Ironton developing Multifamily Historic Rehab along Central Corridor – Real Estate Matters
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Ironton developing Multifamily Historic Rehab along Central Corridor

chittenden_eastman

The Chittenden and Eastman Building

On Tuesday, October 4th, Executive Insight Series speaker Jim Stolpestad of Exeter Realty discussed Ironton Asset Fund’s plans for the Chittenden & Eastman Building, which should be ready for occupancy by Fall of 2012.

Ironton is taking advantage of Minnesota and Federal historic tax credits to rehab the property and develop 104 market rate rental units.  The Chittenden & Eastman Building (“C&E”) is located on the future Central Corridor Light Rail line in St. Paul, just three stops from the University of Minnesota campus.  The apartments will be moderately priced and targeted primarily at non-students, working adults and those in the arts community.

Stolpestad has a successful history with urban multifamily projects, including Cobalt Condominiums, which is anchored by a Lunds store, in Northeast Minneapolis.  His company’s track record, and the fact that Ironton provided cash for the purchase of the distressed building, facilitated the perfect opportunity to reinvent this section of University Avenue.  While the C&E building owner received many offers, ultimately Ironton purchased the property on a short sale, for $1.6 million (asking price was $3.5 million) and acquired C&E in the Fall of 2010.  Ironton is scheduled to close on financing next week and begin the ten-month construction period.

The historic 1917 building does present some challenges for conversion to multifamily.  Ironton is working with architect BKV Group, who has a strong track record of multifamily projects and recently completed Mill District City Apartments, to modify the building’s façade (according to historic guidelines) by punching out additional windows for the units.  Unit sizes will average 1,000 square feet with a mix of primarily one bedrooms, some two bedrooms, and some studios.  Rents are projected at $1.45-1.65 per square foot, modest in comparison to higher end projects slated for downtown Minneapolis.  Amenities will include a rooftop patio and underground parking (less than one stall per unit since there is no minimum parking requirement along the LRT line).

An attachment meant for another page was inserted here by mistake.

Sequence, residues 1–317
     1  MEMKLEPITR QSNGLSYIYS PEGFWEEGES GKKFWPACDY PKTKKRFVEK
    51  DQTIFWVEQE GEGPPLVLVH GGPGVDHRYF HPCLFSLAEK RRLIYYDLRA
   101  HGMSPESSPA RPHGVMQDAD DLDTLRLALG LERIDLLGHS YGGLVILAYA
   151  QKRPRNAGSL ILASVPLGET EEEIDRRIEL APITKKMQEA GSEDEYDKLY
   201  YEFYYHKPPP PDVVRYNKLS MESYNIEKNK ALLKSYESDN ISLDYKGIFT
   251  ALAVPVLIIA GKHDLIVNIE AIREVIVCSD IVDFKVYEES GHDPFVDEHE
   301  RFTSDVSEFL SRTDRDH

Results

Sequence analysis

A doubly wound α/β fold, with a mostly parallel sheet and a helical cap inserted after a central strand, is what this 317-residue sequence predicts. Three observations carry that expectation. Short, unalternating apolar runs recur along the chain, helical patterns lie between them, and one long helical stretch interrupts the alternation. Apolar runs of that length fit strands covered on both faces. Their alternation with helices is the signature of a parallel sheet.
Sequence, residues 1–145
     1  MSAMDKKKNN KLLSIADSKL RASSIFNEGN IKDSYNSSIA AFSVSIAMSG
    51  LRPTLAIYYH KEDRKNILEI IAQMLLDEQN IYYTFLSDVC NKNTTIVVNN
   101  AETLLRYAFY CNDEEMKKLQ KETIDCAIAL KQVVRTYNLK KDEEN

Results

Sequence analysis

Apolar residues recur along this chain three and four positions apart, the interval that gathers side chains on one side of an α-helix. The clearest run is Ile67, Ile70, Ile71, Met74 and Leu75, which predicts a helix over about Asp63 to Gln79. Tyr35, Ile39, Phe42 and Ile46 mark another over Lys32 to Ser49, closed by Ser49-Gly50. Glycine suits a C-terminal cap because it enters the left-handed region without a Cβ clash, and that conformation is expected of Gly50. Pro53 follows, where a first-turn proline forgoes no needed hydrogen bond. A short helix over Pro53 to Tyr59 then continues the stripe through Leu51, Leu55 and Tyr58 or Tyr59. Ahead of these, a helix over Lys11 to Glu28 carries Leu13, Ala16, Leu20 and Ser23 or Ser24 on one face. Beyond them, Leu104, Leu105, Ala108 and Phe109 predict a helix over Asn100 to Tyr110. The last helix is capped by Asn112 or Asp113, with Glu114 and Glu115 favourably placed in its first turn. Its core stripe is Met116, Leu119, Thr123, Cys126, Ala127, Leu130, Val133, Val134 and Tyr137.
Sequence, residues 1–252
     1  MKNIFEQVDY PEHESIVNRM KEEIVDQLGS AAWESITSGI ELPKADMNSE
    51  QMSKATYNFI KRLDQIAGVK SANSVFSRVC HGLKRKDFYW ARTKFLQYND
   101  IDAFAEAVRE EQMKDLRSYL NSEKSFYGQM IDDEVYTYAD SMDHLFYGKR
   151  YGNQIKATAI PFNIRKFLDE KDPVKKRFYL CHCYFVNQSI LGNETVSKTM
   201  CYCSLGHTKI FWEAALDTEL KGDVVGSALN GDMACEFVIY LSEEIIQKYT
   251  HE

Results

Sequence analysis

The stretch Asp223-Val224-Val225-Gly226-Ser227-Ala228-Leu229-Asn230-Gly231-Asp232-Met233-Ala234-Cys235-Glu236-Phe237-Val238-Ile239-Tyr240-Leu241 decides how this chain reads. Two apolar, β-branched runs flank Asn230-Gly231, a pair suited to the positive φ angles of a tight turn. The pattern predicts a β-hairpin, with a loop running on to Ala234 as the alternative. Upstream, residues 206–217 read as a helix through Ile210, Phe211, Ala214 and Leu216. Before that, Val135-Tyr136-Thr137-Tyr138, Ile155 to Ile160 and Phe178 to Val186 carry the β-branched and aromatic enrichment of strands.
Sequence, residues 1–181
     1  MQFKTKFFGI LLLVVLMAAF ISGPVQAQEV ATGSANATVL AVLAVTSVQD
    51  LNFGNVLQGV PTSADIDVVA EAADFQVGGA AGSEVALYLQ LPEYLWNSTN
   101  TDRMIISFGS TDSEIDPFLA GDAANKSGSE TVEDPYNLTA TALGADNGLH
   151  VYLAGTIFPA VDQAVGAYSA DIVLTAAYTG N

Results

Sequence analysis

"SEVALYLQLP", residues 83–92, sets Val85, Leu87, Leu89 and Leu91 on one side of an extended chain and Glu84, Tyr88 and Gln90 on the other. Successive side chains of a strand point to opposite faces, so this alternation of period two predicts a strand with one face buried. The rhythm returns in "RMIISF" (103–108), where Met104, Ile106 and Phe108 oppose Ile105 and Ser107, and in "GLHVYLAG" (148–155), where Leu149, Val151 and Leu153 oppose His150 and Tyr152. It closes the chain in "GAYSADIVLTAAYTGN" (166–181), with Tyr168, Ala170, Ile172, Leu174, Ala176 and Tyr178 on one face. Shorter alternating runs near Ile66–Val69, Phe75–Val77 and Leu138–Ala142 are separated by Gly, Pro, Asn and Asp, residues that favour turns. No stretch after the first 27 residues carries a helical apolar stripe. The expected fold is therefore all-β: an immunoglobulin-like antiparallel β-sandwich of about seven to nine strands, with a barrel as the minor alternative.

The project was partially funded by the sale of historic tax credits, now 40% in Minnesota including state and federal incentives.  Sherwin Williams purchased $2.8 Million of the credits, under the condition that Sherwin paint products are used exclusively in the project.

Mr. Stolpestad is excited to be again working in St. Paul, as he notes that his family has a 125 year history in the city.  Stolpestad has also worked with retailers to develop storefronts on Grand Avenue.

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